Just a few weeks ago, Obama's campaign targeted disenfranchised red-state voters to make the battleground larger and more favorable for his apparent resource advantage. But the selection of Gov. Palin has made any talk of a growing battleground seemingly evaporate. Obama has decreased ads in Alaska and Georgia, and his ad spending appears to be decreasing in states like North Carolina, Indiana, North Dakota and Florida. By contrast, the buys look to be increasing in the traditional battleground states such as Ohio and Pennsylvania.
It's not only the battleground that has changed since the Palin pick; messages and tone have changed as well. Before the Palin pick, McCain's campaign was all about Obama's celebrity, while the Obama message was aimed squarely at voters on issues surrounding energy, the economy and, yes, a few swipes at McCain, too. Since the Palin pick, the McCain message has revolved around Palin: her mistreatment at the hands of her opponents and her maverick credentials. Obama, on the other hand, has been looking to regain his footing on issues that do not involve lipstick and farm animals.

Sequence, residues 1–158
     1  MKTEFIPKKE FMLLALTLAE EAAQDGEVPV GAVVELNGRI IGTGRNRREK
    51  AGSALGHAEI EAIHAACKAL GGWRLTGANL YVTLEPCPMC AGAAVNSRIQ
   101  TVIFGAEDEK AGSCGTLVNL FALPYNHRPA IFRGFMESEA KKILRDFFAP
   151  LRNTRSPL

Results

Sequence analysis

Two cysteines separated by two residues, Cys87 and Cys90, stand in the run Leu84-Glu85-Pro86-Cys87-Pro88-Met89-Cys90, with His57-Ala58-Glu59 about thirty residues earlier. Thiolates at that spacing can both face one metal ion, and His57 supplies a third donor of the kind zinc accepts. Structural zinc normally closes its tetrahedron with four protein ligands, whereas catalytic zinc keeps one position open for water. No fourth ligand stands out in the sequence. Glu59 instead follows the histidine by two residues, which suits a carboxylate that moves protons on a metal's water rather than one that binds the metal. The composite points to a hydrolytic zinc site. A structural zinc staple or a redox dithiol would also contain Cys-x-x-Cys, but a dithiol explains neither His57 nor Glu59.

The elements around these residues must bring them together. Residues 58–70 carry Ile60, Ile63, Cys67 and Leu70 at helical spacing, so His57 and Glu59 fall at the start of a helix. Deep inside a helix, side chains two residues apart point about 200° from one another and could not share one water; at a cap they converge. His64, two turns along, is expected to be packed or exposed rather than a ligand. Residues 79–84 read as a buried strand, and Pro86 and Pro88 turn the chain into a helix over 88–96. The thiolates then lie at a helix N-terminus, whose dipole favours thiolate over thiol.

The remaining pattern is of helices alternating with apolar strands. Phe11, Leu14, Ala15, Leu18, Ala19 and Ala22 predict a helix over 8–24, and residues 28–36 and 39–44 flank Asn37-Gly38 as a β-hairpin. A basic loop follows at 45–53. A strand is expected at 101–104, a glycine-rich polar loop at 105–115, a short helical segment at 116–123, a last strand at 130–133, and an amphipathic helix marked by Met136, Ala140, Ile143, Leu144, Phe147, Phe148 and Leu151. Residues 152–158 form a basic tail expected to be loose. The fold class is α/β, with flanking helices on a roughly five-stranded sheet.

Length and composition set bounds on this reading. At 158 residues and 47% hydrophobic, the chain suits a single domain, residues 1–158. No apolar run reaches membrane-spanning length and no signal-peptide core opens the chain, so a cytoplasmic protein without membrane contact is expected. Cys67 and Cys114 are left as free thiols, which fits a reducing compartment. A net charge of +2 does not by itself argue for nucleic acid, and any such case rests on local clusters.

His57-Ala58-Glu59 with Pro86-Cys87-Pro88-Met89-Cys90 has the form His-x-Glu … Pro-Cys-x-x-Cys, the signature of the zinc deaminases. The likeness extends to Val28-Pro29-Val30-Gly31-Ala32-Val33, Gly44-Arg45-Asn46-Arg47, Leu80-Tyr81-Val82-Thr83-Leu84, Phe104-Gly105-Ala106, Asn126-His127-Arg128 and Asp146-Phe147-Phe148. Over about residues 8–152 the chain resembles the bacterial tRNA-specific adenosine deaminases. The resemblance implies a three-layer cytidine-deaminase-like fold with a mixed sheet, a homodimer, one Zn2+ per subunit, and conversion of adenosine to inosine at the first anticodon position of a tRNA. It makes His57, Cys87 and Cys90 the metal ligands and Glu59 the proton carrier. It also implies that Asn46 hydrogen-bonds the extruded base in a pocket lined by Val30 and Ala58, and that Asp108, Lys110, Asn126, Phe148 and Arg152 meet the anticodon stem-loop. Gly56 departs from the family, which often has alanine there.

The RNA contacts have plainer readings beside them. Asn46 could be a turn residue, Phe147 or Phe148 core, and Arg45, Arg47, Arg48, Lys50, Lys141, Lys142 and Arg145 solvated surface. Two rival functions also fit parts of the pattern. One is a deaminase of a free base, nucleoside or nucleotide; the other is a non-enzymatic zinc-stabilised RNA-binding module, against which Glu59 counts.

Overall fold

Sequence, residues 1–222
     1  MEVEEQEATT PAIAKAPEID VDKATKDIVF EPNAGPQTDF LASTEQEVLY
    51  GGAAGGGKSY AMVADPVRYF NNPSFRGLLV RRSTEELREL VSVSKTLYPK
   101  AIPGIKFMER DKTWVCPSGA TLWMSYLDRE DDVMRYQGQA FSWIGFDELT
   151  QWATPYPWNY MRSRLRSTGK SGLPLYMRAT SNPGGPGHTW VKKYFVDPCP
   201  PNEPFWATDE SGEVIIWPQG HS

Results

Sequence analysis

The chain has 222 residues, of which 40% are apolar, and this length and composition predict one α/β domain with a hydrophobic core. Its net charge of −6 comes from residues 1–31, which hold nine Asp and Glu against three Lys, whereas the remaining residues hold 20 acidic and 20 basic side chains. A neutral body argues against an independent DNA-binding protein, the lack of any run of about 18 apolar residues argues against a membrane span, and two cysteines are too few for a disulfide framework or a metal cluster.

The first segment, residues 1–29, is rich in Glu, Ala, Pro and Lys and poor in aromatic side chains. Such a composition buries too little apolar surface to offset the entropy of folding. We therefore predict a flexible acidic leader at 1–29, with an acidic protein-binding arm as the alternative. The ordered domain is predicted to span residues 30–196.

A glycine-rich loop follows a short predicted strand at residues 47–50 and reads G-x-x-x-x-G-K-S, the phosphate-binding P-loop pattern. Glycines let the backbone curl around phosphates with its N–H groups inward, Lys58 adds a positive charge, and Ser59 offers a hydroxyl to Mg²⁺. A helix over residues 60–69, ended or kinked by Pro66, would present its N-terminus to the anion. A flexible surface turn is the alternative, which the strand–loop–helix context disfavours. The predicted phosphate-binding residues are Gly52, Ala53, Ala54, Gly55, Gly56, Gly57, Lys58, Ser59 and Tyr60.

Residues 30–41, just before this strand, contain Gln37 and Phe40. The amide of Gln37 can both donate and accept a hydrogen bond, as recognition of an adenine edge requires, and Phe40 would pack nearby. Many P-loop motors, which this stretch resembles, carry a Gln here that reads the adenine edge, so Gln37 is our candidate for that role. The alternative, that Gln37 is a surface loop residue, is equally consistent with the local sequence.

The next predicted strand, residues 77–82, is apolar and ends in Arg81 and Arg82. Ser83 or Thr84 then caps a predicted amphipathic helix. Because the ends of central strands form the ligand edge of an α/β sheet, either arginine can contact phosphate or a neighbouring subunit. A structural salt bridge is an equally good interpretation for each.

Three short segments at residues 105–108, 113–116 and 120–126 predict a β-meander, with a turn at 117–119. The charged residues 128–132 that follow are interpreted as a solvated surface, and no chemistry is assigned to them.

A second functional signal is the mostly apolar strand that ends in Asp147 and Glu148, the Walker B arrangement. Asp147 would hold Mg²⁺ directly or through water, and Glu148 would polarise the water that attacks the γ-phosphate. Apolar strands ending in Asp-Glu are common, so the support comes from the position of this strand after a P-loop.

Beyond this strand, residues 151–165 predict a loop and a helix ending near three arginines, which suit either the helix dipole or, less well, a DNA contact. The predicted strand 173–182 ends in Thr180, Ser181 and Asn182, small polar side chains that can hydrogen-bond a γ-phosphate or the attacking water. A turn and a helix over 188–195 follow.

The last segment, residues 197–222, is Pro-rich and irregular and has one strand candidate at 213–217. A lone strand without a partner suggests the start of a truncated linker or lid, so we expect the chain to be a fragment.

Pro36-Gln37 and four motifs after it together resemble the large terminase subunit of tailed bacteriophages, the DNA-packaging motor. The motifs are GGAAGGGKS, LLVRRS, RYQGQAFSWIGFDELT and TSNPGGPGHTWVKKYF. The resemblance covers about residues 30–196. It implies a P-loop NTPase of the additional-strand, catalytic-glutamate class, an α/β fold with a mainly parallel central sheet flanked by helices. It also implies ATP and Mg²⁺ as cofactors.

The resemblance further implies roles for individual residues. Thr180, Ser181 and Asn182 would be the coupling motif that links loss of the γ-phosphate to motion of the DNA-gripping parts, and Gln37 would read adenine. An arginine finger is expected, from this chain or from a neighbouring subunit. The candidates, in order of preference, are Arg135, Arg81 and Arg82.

The pick of Palin brought change to this presidential race in the same way a new product can help a struggling brand. Will the launch of Palin may be enough to revive the GOP? Only time will tell, but one thing is certain: We are not done seeing change in this race. Events will drive ad spending and themes -- not any campaign's battle plan.
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Evan Tracey is the founder and president of Campaign Media Analysis Group, a TNS Media Intelligence company. See his complete bio.